The biggest challenge to implementing these programmes is cost. In-person tutoring is expensive, requiring close coordination with the classroom and a large supply of tutors. But advocates argue that it is worth the effort.

Ms Joi Mitchell, an in-school tutor, at Cardozo High School in Washington. PHOTO: NYTIMES

Dr Matthew Kraft, an associate professor of education and economics at Brown University and a co-author of a paper on how to build a national tutoring programme, said that in more than a decade of research, he has yet to see a body of evidence “as broad and compelling as the evidence for high-cost, intensive long-term tutoring” in public schools.

He estimates the cost of universal K-12 public school tutoring at about US$50 billion a year.

Still, while the current rescue plan funding is not enough to support every public school student experiencing learning loss – “and that’s a hard truth to swallow”, he said – the initiative presents a real opportunity to help students.

As long as it is done right.

Mr Alan Safran, chief executive and co-founder of Saga Education, which has provided tutoring guidance to the Education Department and is Ms Mitchell’s employer, explained that high-impact tutoring “has to be built into the school day, not as an after-school afterthought”.

Students also need to meet consistently the same tutor, in groups of two or three, two to three times a week.

Since 2018, the Bill & Melinda Gates Foundation – one of the philanthropic investors providing funding for in-school tutoring – has worked with Saga to significantly bring down the cost of in-person tutoring to US$1,300 a pupil from US$3,400 a pupil.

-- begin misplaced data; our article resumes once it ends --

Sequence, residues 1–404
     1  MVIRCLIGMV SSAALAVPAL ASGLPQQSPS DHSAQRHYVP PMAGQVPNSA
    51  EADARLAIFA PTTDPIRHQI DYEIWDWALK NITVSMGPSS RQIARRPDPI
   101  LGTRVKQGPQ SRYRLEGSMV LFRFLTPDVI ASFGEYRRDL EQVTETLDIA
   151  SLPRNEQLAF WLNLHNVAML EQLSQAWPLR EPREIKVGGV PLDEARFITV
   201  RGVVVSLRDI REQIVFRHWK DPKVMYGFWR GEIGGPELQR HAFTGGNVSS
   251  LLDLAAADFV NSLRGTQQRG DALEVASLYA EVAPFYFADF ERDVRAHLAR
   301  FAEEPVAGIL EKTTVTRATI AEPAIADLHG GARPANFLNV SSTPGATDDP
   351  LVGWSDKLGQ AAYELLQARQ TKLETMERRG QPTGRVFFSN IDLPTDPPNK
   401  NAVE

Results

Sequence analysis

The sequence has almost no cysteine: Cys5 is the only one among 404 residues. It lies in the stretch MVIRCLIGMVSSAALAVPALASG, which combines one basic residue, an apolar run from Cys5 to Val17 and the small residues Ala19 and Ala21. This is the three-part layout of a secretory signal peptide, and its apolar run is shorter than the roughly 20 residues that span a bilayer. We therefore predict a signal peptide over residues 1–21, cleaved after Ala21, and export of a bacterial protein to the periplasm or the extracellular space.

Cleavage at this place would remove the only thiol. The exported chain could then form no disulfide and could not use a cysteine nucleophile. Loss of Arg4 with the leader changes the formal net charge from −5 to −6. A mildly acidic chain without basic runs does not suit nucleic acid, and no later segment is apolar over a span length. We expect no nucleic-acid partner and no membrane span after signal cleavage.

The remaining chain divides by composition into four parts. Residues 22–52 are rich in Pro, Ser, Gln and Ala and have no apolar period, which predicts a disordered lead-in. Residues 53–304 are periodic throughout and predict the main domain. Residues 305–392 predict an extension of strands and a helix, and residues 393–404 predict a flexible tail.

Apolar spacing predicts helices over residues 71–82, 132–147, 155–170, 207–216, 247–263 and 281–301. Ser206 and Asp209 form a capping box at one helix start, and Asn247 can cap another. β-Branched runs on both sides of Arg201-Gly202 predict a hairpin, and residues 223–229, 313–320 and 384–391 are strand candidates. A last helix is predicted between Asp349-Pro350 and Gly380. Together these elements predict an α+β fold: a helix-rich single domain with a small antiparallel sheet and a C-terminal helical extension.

That accomplishment represents the kind of innovation the new funding is designed to support.

Mr Bob Hughes, director of K-12 Education for the foundation, hopes that, through research, schools can eventually understand which students need a US$500 tutoring model, versus US$1,200 or US$3,400, making these programmes more sustainable with public dollars.

Mr Safran believes a national tutoring programme would be effective if schools focus most aggressively on third grade literacy and algebra, as research shows students who are at grade level in these subjects are four times as likely to graduate high school. He puts the price tag at US$3 billion a year and said – between federal Title 1 funding for highest-need students and the American Rescue Plan – he believes it is possible.

The Education Department will track programmes’ effectiveness through its School Pulse Panel survey, with the specific goal that students close a four-month gap in learning.

One of the most urgent, and potentially transformative, areas for research is online tutoring, which could greatly expand the pool of trained tutors available to schools. First, though, it would have to overcome the wariness left by Zoom school among many parents and districts. NYTIMES